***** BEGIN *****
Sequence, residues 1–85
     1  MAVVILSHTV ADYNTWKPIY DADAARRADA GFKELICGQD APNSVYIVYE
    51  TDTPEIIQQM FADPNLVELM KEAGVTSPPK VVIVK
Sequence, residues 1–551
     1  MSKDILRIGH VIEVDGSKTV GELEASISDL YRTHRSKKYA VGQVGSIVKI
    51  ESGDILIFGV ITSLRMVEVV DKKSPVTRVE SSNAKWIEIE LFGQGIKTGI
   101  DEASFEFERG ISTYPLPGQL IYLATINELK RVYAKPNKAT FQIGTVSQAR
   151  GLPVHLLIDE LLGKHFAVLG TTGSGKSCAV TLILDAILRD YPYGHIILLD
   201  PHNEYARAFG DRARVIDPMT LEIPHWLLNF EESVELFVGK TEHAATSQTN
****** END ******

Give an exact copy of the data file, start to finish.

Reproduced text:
Sequence, residues 1–85
     1  MAVVILSHTV ADYNTWKPIY DADAARRADA GFKELICGQD APNSVYIVYE
    51  TDTPEIIQQM FADPNLVELM KEAGVTSPPK VVIVK
Sequence, residues 1–551
     1  MSKDILRIGH VIEVDGSKTV GELEASISDL YRTHRSKKYA VGQVGSIVKI
    51  ESGDILIFGV ITSLRMVEVV DKKSPVTRVE SSNAKWIEIE LFGQGIKTGI
   101  DEASFEFERG ISTYPLPGQL IYLATINELK RVYAKPNKAT FQIGTVSQAR
   151  GLPVHLLIDE LLGKHFAVLG TTGSGKSCAV TLILDAILRD YPYGHIILLD
   201  PHNEYARAFG DRARVIDPMT LEIPHWLLNF EESVELFVGK TEHAATSQTN